Rushdoony the Philosopher and the Historian


Fragile World Film Review

By Lee Duigon – bio

(2014: recently released for sale online. Written and directed by Sandy Boikian)

This award-winning film is proof that a “Christian movie” can be subtle, thought-provoking, heart-touching, and also have a really tricky plot. In fact, it’s so tricky, it reminds me of Alfred Hitchcock’s Vertigo. Like Vertigo, Fragile World keeps you guessing right up to the end—and mostly guessing about the same kinds of things.

Fragile World tells the story of Rosalie (Alexa Jansson), a vulnerable young woman with a history of shattering psychic trauma—not unlike Jimmy Stewart’s character in Vertigo—and a tendency to fall into delusions. She seems sane enough, outwardly, and yet we’re told she isn’t.

But are we being told the truth?

Rosalie falls in love with a man who seems ideal for her. Soon writer-director Sandy Boikian has us wondering about him. Is he real? No one else ever seems to see him, and we are told that Rosalie has a history of interacting with imaginary people. And then we’re led to wonder if this is something worse than a delusion—a threat that seems to be psychological, but which may be spiritual: maybe even demonic.

We are also led to wonder about Rosalie’s helpful new friend, Britt (Noelle Perris), and a man who claims to be Rosalie’s doctor, but whom she insists on identifying as a stalking ex-husband who never, in fact, existed. At least that’s what we’re told. Before long we don’t know what to think.

What Makes It a Christian Movie?

This is low-budget suspense, achieved without recourse to special effects, scenes of violence, or over-the-top dialogue. It works because of careful writing, skilled direction, and understated, but quite convincing, acting. It would have been so easy—and so self-defeating—to have Rosalie say and do a lot of crazy things. But the film works so well precisely because she doesn’t act crazy at all. Instead, she’s totally believable—and that’s just what puts such a keen edge on the story.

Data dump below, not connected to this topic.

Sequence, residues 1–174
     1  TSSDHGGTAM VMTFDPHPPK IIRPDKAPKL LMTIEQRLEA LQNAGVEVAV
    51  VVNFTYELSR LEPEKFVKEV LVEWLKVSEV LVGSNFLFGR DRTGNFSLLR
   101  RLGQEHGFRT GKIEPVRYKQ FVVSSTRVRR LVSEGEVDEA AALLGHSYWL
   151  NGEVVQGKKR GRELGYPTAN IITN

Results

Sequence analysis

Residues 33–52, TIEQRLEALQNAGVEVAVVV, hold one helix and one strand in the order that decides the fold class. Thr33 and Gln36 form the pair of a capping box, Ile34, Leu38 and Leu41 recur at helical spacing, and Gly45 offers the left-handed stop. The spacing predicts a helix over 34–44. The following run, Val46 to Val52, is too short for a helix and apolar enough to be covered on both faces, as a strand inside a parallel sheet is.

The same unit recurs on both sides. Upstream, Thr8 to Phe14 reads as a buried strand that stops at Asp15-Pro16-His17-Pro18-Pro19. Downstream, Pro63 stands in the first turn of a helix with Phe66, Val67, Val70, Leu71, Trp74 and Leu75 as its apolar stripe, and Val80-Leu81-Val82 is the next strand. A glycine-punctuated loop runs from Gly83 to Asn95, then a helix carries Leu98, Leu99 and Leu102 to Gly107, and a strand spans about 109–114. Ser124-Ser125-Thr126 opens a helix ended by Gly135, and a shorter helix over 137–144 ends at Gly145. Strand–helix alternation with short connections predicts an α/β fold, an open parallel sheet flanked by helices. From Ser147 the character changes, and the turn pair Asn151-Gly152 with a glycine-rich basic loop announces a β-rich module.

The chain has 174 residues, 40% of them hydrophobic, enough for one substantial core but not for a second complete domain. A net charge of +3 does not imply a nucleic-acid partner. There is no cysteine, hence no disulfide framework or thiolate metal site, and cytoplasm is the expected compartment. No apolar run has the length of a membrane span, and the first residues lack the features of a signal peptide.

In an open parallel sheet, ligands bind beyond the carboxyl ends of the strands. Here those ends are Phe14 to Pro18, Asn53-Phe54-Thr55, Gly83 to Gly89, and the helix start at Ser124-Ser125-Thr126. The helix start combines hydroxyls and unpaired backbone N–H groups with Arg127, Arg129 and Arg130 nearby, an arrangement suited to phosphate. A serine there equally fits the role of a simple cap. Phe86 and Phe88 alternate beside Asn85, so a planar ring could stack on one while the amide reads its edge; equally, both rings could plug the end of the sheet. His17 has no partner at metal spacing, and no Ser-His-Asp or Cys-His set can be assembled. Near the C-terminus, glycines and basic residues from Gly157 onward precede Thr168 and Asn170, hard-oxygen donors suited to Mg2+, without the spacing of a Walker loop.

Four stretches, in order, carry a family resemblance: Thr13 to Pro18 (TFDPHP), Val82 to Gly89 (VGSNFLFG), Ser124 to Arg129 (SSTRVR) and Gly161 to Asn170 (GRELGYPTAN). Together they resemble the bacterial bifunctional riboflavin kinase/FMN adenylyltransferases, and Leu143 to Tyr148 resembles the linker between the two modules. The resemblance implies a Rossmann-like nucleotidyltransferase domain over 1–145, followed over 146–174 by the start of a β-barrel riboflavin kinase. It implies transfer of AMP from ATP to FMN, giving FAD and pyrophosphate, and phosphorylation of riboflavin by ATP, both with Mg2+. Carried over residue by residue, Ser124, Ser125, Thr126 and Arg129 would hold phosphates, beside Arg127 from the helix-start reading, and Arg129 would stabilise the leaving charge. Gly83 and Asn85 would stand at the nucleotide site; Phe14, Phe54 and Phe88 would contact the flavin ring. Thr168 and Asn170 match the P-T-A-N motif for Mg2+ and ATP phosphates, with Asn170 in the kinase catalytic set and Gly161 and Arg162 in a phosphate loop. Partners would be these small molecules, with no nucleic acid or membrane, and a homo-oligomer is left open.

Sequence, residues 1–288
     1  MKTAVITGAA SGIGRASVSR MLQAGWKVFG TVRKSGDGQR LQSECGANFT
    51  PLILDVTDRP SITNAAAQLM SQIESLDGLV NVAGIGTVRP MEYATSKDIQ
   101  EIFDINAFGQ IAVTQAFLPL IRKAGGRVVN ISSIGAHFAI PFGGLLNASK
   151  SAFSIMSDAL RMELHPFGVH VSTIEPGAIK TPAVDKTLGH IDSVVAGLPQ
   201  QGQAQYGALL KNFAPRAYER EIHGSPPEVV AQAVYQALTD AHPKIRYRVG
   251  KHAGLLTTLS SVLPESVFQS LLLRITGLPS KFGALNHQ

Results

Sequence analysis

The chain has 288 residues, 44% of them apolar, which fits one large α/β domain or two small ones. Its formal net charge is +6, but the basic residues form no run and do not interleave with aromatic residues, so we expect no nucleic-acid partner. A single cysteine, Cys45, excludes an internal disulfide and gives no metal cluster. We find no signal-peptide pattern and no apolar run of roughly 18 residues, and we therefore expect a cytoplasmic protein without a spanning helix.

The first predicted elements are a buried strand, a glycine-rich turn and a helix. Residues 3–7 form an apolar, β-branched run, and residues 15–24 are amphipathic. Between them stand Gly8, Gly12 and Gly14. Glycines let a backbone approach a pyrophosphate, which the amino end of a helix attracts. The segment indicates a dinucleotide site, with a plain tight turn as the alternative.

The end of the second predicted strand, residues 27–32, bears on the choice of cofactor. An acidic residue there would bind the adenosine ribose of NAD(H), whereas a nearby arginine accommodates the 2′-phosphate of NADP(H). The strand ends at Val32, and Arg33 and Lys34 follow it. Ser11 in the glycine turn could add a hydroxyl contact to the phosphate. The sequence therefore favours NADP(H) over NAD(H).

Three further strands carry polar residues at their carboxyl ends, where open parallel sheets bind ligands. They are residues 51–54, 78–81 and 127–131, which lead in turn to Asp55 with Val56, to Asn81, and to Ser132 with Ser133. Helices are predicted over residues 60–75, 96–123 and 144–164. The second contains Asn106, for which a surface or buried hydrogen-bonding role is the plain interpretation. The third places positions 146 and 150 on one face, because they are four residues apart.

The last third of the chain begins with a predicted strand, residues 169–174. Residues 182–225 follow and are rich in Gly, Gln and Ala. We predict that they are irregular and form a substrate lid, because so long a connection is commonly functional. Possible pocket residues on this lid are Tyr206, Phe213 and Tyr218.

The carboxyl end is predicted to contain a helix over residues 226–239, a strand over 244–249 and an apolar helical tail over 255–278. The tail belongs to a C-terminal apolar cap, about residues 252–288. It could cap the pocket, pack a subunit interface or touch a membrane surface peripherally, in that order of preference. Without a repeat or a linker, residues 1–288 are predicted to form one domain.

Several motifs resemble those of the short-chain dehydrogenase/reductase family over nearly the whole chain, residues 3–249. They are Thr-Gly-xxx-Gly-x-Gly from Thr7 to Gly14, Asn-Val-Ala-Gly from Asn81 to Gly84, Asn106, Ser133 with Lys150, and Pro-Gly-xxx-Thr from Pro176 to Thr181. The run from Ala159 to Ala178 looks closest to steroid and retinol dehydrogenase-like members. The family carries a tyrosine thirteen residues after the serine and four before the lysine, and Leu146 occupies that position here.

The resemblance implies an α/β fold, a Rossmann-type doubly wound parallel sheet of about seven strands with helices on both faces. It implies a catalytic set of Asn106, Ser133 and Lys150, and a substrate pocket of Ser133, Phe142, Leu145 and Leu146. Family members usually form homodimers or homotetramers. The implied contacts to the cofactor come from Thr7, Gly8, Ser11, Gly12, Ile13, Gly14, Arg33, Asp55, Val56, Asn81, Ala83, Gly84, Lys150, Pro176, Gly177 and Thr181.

So what makes it a Christian movie?

“Greater is he that is in you than he that is in the world,” the Bible teaches us (I John 4:4). When Rosalie finds the courage to walk by faith, to put her trust in God; when her friend learns how to do the same, and stops doubting God’s power and grace; when the man Rosalie loves can finally, through faith, stop trying to force the issue—when these things happen, truth begins to melt the delusions one by one.

And here I must stop giving away major portions of the plot. Suffice it to say that Rosalie’s problems are real, but that God’s grace is powerful indeed.

A Little Gem

Vertigo was a big movie; Fragile World is a little one. Here we learn that a story doesn’t have to shout its message in order to be heard. Sometimes the still, small voice is even more persuasive.

A movie that keeps you guessing, and then arrives at an explanation of its mystery without cheating, is hard to ignore. The ingredients that make Fragile World successful are sympathetic characters, suspense built on uncertainty, one step at a time, and a commitment to reality: to truth. These are not costly ingredients, but they can be hard to come by. Because of all these factors, Fragile World is a movie that will stay with you for a while. I doubt I’ll ever forget it.

To see this movie, you can order it online at www.fragileworldmovie.com. It will also be available soon at LifeWay nationwide and at independent Christian bookstores.


Lee Duigon is a Christian free-lance writer and contributing editor for Faith for All of Life. He has been a newspaper editor and reporter and is the author of the Bell Mountain Series of novels.

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